Shropshire A&E patients being treated in corridors as hospitals struggle to meet four-hour target

Telford | News | Published:

Shropshire's A&E departments are still struggling to meet targets, it has been revealed.

Pressure on bed places in both the Princess Royal Hospital and the Royal Shrewsbury Hospital has led to patients being cared for 'sub-optimal' places like corridors.

The hospitals have also broken the 12-hour barrier for patients to receive treatment in the past couple of weeks as it struggles under extreme pressures.

The chief executive of Telford & Wrekin Clinical Commissioning group told a meeting that the hospitals were not seeing an increase in attendance and admissions but that they were continuing to struggle.

During his verbal report, David Evans told the meeting held at the SC Conference Centre at the Telford Campus of the University of Wolverhampton in Priorslee, that both county clinical commissioning groups (CCGs) have been asked to attend a regional escalation meeting in Birmingham in March to discuss the pressures.

He said: "There is still a struggle to meet the four hour targets for A&E.

"It is troubling really that we are not seeing any more activity in terms of attendance but the system is still struggling to see and treat patients within four hours."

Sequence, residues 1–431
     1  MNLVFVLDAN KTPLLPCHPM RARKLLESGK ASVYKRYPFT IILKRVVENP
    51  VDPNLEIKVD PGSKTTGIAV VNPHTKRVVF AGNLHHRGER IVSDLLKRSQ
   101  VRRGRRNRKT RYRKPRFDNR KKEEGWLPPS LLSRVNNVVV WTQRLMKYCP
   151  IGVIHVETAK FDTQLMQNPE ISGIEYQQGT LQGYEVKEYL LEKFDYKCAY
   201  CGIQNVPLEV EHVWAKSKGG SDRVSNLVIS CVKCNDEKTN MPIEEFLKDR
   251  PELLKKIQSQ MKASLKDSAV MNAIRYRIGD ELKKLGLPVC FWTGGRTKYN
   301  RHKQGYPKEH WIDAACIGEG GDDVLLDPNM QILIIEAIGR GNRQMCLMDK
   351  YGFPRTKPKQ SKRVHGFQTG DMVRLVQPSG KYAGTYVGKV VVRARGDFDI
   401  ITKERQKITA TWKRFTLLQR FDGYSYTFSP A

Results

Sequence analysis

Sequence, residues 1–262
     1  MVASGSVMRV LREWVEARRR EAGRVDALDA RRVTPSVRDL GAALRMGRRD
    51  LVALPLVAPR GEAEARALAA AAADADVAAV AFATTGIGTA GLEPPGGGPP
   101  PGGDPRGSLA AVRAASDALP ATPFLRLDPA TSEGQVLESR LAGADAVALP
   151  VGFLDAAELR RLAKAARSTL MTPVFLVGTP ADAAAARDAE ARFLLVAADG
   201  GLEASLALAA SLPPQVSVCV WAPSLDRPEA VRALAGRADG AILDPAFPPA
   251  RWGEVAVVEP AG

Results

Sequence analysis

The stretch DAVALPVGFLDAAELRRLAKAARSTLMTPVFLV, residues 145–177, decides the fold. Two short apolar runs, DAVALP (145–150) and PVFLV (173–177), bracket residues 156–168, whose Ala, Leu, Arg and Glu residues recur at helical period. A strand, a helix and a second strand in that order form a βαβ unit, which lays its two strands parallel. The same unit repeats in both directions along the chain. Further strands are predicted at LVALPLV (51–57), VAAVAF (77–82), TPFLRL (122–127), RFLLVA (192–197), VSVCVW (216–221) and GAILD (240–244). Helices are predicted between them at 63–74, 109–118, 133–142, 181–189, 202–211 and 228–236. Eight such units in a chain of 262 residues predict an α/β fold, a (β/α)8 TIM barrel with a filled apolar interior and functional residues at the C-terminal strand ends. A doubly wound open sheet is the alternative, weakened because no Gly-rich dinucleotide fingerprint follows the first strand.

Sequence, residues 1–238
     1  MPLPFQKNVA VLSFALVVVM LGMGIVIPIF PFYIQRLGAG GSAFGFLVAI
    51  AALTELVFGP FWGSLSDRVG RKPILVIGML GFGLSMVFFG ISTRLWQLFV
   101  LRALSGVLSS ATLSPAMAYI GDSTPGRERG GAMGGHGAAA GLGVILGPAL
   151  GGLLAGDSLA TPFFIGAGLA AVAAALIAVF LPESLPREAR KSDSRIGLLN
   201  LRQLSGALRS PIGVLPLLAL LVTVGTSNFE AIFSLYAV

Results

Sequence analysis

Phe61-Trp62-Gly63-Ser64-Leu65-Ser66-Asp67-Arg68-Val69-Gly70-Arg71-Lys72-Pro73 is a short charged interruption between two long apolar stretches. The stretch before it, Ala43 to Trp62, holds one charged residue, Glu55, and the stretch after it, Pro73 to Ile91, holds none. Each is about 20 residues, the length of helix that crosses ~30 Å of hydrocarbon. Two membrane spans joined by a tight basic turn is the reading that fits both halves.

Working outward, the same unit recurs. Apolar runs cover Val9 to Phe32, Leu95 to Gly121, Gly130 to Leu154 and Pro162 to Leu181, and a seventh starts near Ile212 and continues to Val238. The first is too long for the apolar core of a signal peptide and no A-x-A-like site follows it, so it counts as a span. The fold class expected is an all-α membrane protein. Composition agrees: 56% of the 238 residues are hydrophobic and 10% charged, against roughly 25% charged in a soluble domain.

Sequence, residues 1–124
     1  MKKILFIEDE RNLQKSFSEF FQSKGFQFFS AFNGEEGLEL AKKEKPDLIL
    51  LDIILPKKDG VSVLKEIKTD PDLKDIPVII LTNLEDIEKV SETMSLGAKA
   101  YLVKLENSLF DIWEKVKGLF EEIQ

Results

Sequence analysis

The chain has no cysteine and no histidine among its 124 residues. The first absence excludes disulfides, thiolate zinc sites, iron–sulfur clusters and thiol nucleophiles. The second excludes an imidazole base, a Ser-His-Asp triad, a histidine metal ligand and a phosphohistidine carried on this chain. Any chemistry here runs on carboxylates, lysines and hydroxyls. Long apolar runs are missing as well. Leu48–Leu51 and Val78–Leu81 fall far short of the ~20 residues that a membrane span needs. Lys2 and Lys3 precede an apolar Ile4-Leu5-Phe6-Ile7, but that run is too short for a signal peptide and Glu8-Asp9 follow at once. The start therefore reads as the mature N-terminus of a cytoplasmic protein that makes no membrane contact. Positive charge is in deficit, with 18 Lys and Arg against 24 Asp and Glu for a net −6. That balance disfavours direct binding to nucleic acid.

Because of the pressures, board member Christine Morris has been visiting both hospitals to better understand the situation.

She said: "When the hospitals have been in escalation for a significant period, the quality team go and do safety checks.


"I think it is fair to say that although patients are being treated in sub-optimal places the care they have received has been as safe as staff possibly could."

She said patients and their families have also been well informed about why they are being treated where they are.

She added: "Staff are doing the best they can in difficult circumstances."

She told the meeting that analysis taken place to assess whether the Princess Royal Hospital or the Royal Shrewsbury Hospital was struggling more had shown that the RSH was under greatest pressure.

As such, she and a team visited wards out of hours on Monday, where they spoke to staff about the situation and highlighted any areas where patients have been treated that staff were less comfortable with.

The meeting also heard that the CCG continues to operate well within its budget and is still recording an additional surplus of £1m. Members were also given an update on the Future Fit programme.


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